Hire Peter Weller.

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Robocop creator Ed Neumeier plans new sequel to original, ignoring the others and the reboot

Ed Neumeier, the writer behind Paul Verhoeven's classic 1987 family comedy Robocop, is working on a direct sequel to it that ignores the poorly-received sequels and the forgettable 2014 reboot. Read the rest

Detroit heads towards a mandatory surveillance state

Businesses in Detroit that wish to stay open after 10pm will have to join the city's high definition crime surveillance program. Shop keepers who participate in the program benefit by receiving prioritized Emergency Response Services when calling 911.

Welcome to Delta City, Robocop fans! Install surveillance cameras for the cops or maybe they won't show up.

Crain's Detroit interviewed Detroit Mayor Mike Duggan about the program:

Mayor Mike Duggan's administration is moving forward with a plan to eventually mandate every retail business in Detroit with late-night hours have surveillance cameras tied into Project Green Light, the Detroit Police Department's real-time crime monitoring system credited with a decrease in carjackings and overall crime around participating businesses.

In an interview Wednesday with Crain's, Duggan said he will ask City Council later this year to mandate Project Green Light high-definition video systems for all retail businesses open after 10 p.m.

Duggan said the city will start with requiring the camera systems for bars, restaurants, gas stations and other businesses open between midnight and 4 a.m. during the "highest risk" time for crimes to occur. Then the city will move to businesses open after 10 p.m., he said.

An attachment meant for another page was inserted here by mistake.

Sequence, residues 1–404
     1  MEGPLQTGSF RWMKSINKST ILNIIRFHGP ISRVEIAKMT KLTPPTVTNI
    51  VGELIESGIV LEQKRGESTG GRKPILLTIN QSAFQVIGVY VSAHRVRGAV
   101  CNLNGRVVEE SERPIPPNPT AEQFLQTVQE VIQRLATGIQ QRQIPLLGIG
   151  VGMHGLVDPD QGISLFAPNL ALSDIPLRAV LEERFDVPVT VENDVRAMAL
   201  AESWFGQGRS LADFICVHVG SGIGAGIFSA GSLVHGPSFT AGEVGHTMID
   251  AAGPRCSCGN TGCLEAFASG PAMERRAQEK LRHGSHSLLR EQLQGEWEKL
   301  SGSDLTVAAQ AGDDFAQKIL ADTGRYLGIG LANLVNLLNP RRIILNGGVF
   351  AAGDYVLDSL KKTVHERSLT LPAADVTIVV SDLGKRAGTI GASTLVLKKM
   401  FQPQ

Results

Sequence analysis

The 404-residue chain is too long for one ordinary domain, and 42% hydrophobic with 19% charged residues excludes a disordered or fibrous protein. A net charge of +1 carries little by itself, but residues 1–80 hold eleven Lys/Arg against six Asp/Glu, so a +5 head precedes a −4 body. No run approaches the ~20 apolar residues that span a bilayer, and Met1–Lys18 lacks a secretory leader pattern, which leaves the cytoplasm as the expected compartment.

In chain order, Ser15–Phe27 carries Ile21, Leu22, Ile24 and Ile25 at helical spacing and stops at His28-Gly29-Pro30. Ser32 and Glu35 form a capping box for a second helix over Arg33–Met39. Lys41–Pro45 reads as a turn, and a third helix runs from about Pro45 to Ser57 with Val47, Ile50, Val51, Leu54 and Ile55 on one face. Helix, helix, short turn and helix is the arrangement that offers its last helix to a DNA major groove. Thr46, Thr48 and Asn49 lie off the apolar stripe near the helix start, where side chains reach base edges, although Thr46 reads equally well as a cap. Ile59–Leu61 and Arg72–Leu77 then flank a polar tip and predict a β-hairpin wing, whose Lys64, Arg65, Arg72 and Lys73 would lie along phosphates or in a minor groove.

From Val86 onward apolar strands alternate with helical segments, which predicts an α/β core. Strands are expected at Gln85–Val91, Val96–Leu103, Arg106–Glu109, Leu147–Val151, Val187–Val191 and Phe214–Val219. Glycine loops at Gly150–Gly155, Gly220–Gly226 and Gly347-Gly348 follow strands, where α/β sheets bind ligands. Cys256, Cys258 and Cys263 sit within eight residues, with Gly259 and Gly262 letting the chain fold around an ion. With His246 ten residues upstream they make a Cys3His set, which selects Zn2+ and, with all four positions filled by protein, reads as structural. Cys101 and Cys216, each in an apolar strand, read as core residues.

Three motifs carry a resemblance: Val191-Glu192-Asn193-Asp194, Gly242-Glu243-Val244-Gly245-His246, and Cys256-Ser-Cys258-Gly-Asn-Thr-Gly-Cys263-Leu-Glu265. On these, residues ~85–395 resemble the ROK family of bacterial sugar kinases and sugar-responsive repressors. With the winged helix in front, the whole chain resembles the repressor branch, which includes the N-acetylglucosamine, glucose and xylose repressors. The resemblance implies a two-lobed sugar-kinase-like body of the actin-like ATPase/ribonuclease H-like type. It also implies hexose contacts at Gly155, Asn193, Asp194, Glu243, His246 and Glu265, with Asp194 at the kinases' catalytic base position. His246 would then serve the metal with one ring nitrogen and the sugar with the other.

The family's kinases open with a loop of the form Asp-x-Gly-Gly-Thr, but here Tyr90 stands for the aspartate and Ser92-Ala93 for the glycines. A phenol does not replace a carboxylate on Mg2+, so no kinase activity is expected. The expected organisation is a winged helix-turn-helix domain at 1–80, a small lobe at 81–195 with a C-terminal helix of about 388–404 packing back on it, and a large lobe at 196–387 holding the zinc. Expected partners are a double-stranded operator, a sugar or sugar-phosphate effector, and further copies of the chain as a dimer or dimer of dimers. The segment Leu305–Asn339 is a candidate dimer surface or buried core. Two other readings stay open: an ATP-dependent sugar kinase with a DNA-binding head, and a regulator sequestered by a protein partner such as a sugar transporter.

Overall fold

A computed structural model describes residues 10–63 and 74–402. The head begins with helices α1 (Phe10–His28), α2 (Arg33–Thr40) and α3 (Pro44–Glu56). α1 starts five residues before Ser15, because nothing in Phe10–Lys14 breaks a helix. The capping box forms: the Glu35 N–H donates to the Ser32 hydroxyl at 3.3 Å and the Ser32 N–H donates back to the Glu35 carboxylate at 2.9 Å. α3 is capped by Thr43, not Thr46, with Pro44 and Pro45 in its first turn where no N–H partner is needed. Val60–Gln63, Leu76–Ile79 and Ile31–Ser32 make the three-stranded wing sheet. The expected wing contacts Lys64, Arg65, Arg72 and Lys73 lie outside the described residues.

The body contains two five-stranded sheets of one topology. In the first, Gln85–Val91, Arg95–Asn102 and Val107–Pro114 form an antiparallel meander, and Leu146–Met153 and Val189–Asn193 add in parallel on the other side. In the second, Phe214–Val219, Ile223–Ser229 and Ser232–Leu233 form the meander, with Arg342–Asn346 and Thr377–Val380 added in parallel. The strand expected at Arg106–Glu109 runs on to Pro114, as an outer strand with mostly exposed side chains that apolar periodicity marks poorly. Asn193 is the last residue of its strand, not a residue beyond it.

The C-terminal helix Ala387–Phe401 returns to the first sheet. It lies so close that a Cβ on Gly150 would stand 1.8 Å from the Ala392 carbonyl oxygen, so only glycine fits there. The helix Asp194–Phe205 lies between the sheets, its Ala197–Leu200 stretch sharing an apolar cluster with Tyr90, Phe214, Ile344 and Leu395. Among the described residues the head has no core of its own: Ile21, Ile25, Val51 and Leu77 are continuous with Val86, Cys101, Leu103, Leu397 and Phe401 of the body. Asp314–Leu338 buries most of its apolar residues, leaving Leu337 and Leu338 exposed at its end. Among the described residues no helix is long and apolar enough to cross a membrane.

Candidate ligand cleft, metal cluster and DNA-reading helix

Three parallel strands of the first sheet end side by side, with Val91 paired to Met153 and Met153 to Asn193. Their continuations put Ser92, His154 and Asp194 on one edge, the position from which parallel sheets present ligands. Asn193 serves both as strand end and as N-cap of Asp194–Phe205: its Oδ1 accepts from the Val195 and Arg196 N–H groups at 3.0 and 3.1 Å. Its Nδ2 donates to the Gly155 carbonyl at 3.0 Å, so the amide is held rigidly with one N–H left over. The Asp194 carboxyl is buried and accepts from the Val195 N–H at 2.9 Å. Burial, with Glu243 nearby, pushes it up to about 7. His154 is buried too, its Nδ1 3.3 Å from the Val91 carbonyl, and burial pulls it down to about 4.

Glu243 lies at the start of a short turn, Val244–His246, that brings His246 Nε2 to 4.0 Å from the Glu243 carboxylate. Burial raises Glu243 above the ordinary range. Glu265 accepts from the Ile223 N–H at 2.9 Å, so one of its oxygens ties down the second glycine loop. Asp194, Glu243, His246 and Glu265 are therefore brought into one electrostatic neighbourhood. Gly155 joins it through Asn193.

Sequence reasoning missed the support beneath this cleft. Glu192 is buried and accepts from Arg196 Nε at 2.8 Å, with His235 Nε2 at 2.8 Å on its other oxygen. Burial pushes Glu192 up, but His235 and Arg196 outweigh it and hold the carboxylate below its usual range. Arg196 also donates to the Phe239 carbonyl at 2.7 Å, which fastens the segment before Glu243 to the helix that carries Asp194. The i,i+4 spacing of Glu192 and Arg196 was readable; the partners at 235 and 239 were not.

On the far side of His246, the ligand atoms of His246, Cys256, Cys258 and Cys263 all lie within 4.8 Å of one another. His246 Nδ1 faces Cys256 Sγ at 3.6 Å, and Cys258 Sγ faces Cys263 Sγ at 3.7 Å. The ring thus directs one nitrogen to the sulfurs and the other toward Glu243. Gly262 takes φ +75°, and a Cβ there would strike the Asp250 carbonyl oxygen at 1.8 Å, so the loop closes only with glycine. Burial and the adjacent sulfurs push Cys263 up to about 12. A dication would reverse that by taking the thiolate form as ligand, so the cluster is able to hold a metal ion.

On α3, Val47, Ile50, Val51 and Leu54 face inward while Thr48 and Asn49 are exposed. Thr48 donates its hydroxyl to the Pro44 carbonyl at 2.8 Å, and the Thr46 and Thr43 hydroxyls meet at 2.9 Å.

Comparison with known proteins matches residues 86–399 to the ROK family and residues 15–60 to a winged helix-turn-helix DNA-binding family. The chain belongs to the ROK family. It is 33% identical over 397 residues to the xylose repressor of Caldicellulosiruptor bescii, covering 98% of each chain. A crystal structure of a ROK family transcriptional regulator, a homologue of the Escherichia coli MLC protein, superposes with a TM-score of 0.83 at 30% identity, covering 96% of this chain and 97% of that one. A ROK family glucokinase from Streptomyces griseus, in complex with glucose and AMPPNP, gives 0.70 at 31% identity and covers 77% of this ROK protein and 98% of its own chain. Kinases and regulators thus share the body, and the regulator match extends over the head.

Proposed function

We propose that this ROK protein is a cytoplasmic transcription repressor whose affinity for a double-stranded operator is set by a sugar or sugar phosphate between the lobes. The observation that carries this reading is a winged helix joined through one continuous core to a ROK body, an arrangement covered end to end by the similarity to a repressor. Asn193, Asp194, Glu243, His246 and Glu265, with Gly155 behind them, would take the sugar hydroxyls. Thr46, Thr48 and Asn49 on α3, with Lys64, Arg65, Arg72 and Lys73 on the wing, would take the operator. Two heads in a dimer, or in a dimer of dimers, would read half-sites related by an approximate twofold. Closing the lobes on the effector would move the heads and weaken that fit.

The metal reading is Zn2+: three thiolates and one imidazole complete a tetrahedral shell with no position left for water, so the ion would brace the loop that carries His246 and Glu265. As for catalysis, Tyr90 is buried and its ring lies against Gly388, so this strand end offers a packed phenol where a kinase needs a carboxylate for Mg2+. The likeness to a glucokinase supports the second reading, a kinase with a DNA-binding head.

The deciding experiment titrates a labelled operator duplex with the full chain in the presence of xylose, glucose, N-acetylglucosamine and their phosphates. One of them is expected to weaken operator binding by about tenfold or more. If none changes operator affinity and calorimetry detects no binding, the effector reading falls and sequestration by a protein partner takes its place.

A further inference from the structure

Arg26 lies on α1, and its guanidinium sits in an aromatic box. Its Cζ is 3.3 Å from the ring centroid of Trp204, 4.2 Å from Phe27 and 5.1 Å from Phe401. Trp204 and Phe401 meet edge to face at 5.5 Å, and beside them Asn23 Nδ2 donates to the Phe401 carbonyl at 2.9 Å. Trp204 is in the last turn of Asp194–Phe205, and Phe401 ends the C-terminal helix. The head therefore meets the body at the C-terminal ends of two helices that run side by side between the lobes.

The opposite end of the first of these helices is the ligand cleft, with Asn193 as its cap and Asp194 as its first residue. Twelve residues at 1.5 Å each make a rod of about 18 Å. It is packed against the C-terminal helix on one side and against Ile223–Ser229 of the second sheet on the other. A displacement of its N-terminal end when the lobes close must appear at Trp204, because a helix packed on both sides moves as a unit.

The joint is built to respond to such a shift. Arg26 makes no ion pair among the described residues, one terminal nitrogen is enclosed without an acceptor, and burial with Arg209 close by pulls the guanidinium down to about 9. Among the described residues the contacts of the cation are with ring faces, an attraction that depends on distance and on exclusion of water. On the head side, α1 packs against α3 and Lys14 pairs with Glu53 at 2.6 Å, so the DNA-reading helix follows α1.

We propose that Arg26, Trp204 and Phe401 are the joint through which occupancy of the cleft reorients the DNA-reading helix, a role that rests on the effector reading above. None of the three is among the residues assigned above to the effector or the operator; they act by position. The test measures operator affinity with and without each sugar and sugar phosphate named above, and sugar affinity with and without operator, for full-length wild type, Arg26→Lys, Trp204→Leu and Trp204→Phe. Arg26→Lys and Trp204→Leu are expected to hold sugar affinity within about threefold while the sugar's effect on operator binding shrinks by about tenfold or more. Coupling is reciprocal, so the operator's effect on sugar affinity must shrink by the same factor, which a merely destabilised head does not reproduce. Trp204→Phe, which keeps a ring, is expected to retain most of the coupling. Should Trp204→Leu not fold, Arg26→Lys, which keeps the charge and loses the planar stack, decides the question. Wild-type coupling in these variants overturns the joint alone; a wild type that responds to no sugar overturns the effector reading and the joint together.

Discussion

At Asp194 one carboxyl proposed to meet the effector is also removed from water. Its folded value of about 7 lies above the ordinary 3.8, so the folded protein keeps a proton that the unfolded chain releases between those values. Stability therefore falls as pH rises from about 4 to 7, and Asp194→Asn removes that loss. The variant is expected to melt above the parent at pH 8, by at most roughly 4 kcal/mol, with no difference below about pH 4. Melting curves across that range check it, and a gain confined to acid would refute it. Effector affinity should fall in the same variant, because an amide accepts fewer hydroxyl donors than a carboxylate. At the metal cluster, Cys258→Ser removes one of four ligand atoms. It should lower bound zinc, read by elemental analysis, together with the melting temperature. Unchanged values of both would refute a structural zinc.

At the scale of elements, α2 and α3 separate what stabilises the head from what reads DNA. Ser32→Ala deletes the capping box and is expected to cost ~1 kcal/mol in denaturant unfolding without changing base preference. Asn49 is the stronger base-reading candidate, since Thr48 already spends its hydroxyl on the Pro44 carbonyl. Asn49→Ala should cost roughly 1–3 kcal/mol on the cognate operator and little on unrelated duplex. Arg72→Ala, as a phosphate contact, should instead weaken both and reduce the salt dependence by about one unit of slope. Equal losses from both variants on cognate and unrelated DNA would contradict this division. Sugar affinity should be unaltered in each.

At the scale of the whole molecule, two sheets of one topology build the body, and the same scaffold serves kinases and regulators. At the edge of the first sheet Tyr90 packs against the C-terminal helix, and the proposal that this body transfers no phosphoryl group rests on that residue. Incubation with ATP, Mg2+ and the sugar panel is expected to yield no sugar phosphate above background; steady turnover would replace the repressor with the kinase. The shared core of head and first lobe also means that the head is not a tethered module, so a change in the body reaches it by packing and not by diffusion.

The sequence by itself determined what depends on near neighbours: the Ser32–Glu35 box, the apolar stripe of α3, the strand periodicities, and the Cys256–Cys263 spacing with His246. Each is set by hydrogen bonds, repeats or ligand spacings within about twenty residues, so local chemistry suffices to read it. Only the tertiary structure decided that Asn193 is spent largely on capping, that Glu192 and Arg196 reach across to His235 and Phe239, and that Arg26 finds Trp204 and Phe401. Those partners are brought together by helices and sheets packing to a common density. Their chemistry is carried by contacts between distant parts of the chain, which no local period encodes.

The mandate could affect as many as 4,000 businesses open after 10 p.m., though the mayor said the video surveillance systems would be phased in because the Green Light Program already has a backlog of voluntary participants and a shortage of installers.

The reason for the backlog of volunteers is likely #9 on the Project Green Light FAQ:

9.

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OboeCop

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RoboCop throws out first pitch

It was RoboCop Day in Detroit yesterday and the man-machine threw the ceremonial first pitch at last night's Detroit Tigers game, although sadly it wasn't Peter Weller in the suit (nor Joel Kinnaman); meanwhile, the city's crowdfunded RoboCop bronze statue is slated for completion later this year. Read the rest

The sanitized "more killing, less gore" world of PG-13 remakes

Our standards betray us, leading to action movies (particularly remakes of Paul Verhoeven's) which "trade subversive carnage for sanitized violence that asks fewer moral questions." James Orbesen:

"Research has shown that depicted violence does not necessarily lead to real-world violence. But depicted violence can say a lot about the appetites and attitudes of audiences. The Verhoven approach—bloody, unsettling, and confrontational—seems more and more like a relic. What people want now is violence that is clean and quick, provoking no questions." Read the rest

RoboCop in review

Ethan Gilsdorf watches RoboCop (2014) and remembers RoboCop (1987). The PG-13 remake isn't bad, but has less to say than the original, and, worse, is not as funny.

Vintage video of Peter Weller on the set of 1987's RoboCop

I'd buy that for a dollar...but you can just watch for free!